Let G be a group and S be a subset of G.
 Then <S> is a subgroup of G.

Cyclic
 a group G is called cyclic if there is an element g in G st <g> = G.
 A group is cyclic if it is generated by one element

Theorem 3.31  integers under +
The integers under addition is a cyclic group

Theorem 3.33  cyclic has cyclic subgroups
Any subgroup of a cyclic group is cyclic

Theorem 3.34  D_{n} not cyclic
 The groups D_{n} for n>2 are not cyclic.
 Need flips and rotations.

Finite
a group G is finite if the underlying set is finite

Infinite
a group G is infinite if the underlying set is infinite

Finitely Generated
G = <S> for some finite subset S

Theorem 3.36  finite group is finitely generated
Every finite group G is finitely generated.

order
 the number of elements in G, G.
 the order of an element g, o(g) is the order of the subgroup that it generates.
 o(g) = <g>

Abelian
 a group (G, *) is abelian iff for every pair of elements g, h in G, g*h=h*g.
 iff its binary operation is commutative

center
 the center of a group is the collection of elements in g that commute with all elements of G
 Z(G) = {g G  g*h = h*g V h G}

Theorem 3.45
 Let G be a group
 Then Z(G) is a subgroup of G.

Left coset of H by g
 Let H be a subgroup of group G and g be and element of G.
 The left coset of H by g is the set of all elements of the form gh for all h that exist in H.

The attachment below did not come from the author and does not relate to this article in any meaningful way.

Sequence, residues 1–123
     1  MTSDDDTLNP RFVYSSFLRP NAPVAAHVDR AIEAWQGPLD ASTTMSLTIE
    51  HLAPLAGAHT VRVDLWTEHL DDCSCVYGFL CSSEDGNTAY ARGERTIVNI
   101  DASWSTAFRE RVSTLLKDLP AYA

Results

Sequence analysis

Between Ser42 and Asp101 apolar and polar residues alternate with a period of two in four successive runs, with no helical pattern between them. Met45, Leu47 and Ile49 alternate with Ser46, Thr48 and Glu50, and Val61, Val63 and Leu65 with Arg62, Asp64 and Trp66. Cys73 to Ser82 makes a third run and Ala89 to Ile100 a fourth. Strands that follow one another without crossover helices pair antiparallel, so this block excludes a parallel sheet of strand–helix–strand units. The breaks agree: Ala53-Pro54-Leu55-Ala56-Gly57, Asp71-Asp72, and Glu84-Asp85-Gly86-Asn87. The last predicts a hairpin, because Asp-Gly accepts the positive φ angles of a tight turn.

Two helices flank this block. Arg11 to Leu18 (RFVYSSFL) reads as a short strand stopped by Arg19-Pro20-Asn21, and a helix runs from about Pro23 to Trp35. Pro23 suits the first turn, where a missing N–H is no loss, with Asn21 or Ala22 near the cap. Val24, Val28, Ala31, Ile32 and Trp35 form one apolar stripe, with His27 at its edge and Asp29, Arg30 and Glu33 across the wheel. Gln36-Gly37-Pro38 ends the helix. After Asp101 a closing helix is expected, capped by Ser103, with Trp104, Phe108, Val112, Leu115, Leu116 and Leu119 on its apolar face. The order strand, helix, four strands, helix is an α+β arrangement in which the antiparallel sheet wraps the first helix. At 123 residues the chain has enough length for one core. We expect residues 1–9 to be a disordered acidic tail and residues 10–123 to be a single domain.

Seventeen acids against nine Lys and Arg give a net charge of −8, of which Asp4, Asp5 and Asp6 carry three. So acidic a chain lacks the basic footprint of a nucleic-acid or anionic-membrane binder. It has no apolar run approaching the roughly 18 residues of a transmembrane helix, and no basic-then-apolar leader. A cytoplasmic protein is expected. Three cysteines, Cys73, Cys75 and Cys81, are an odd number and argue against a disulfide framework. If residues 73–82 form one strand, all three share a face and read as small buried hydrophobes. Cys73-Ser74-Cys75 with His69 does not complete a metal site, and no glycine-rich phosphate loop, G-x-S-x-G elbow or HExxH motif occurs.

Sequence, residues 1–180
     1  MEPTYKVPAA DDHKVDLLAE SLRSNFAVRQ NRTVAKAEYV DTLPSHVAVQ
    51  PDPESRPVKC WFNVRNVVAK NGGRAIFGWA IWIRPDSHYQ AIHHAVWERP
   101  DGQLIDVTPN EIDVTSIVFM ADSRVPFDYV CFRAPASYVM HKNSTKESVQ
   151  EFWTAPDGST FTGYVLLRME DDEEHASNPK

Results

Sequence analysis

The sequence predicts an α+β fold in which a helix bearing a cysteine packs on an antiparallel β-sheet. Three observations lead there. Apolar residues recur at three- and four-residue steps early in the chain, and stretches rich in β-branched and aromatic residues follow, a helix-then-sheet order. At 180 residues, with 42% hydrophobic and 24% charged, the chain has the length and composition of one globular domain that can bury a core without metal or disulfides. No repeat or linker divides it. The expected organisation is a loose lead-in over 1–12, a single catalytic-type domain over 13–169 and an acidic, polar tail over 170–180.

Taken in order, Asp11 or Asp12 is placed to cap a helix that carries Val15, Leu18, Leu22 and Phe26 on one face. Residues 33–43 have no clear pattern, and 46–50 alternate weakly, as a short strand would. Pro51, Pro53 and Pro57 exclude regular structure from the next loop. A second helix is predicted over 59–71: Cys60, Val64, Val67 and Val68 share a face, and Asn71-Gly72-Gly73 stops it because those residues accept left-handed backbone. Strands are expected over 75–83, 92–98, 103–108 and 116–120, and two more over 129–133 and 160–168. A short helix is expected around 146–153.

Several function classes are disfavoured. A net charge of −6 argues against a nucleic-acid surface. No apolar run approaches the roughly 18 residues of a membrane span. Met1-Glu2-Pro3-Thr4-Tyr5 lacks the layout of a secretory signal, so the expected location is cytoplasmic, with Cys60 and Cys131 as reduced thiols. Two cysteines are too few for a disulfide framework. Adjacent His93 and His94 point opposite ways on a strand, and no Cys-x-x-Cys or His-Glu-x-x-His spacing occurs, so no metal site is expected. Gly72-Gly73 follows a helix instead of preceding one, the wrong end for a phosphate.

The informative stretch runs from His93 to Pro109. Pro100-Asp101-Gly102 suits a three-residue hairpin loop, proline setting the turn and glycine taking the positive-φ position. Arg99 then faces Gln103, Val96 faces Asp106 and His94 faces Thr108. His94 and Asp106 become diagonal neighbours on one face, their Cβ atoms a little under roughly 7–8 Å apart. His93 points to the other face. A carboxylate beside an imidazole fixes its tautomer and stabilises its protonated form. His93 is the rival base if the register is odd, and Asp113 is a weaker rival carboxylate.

written as gH = {gh  h H}

Lemma 3.48
Let H be a subgroup of G and let g and g' be elements of G. Then the cosets gH and g'H are either identical or disjoint.

Lagrange's Theorem 3.49
Let G be a finite group with subgroup H. Then H divides G.

Scholium 3.50
Let G be a finite group with a subgroup H. Then the number of left cosets of H is equal to the number of right cosets of H.

Index
 Let H be a subgroup of a group G. Then the index of H in G is the number of distinct left or right cosets of H.
 Written as [G : H]

Scholium 3.51
Let G be a finite group with a subgroup H. Then [G : H] = G/H.

Corollary 3.52
Let G be a finite group with an element g. Then o(g) divides G.

Corollary 3.53
If p is a prime and G is a group with G = p, then G has no nontrivial subgroups.

Cartesian Product
If A and B are sets, then we define A x B = {(a,b) a A and b B}, the set of ordered pairs of elements from A and B.

Theorem 3.54
Direct Product
 Let (G, *_{G}) and (H, *_{H}) be groups and define *: (G x H) x (G x H) G x H by (g_{1}, h_{1}) * (g_{2}, h_{2}) = (g_{1} *_{G} g_{2}, h_{1} *_{H} h_{2}).
 Then (G x H, *) is a group, called the (direct) product of G and H.

Theorem 3.56
 Let G and H be groups.
 Then G x H is abelian iff both G and H are abelian.

Theorem 3.57
Let G_{1} be a subgroup of a group G and H_{1} be a subgroup of a group H. Then G_{1} x H_{1} is a subgroup of G x H.



Theorem 3.66
Symmetric group
 Let X be a set, let Sym(X) be the set of bijections from X to X, and let represent composition. Then (Sym(X), ) is a group.
 This is the symmetric group on X.




kernel
Let : G H be a homomorphism from a group G to a group H. Then the set {g G  (g) = e _{H}} is called the Kernel and is denoted Ker( ).

Monomorphism
an injective homomorphism

isomorphism
a bijective homomorphism

isomorphic
A group G is isomorphic to a group H if there exists an isomorphism, : G H.